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Two EPC Vendors Go Royalty Free
Alien Technology and Matrics have signed EPCglobal's intellectual-property policy and will offer their RFID IP on a royalty-free basis.
Dec 12, 2003—One of the big questions surrounding the Electronic Product Code technology being commercialized by EPCglobal has been the status of the intellectual property that went into the protocol. Alien Technology and Matrics, the two companies currently offering EPC-based
The two companies announced that they have agreed to EPCglobal's IP policy and will offer their IP related to core EPC specifications on a royalty-free basis. Alien CEO Stav Prodromou wrote an open letter on Dec. 5 to the EPCglobal community announcing Alien's position and urging other vendors to support EPCglobal's IP policy. Matrics CEO Piyush Sodha followed with a letter of his own on Dec. 9.
"It's extremely important for the industry to have a royalty-free IP base," says Prodromou. "Everyone involved with the Auto-ID Center worked very hard to develop standards that will be open and practiced widely. What will hurt the industry is if someone comes out and says this contains my patents or IP and in order for you to use this standard, you have to pay me a lot of money."
Companies that contribute IP to a proposed technology standard typically do so on a "reasonable and nondiscriminatory" basis, which means that it will not charge an outrageous licensing fee and will treat everyone the same. The Auto-ID Center, which developed the EPC technology with the help of Alien, Matrics and a few other vendors, felt that this was not a viable option because if each vendor that contributed IP to the protocol were to get a licensing fee, the cost of EPC tags would never reach a level low enough to be put on cases of product and eventually individual items.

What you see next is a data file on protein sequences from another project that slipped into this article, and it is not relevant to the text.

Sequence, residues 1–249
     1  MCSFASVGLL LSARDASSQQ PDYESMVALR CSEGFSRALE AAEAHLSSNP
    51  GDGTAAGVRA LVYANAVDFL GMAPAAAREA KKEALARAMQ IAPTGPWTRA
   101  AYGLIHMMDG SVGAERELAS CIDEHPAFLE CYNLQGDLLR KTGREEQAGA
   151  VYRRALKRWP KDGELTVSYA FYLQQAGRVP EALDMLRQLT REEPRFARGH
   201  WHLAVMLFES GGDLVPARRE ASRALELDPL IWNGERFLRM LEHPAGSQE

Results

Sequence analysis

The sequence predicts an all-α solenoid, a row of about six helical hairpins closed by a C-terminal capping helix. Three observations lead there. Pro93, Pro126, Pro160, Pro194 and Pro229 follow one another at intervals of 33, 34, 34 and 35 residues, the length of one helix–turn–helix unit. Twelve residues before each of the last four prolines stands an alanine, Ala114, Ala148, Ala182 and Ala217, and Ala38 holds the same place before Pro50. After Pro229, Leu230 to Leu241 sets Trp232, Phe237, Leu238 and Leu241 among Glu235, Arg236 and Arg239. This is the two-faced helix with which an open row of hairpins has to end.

In late October, EPCglobal, which has been charged with commercializing the technology, put out a draft of its IP policy, and more than two dozen companies worked with the organization to fine-tune it. EPCglobal held a meeting in Boston on Dec. 10 to listen to the vendor community's views on the issue in an effort to solidify the policy.
Sodha's letter expresses concern that EPCglobal may allow some royalty-based IP to become part of evolving specifications. "They have created enough of a gray area that I felt compelled to say in our letter that even though we are signing the policy, we believe that EPCglobal should demand that any IP incorporated into the core standard should be available for free," he says. "Otherwise, we open the door a crack to those who might want to cause problems."
The IP issue is critical because work on the Class 1, Gen2, specification can't move forward until it is resolved. Alien's Prodromou says Alien decided to take a leadership position on the issue because it hopes that others will understand that royalty-free IP would lead to lower costs and give end users of the technology the security of knowing that their deployments will not be disrupted by a patent infringement lawsuit.
"It's more important that we, as an industry, get going," he says. "We'll make our IP available to everyone else, so far as it is necessary to practice the specifications. None of us is going to get rich off of royalties, so let's create a market in which we can all make money."
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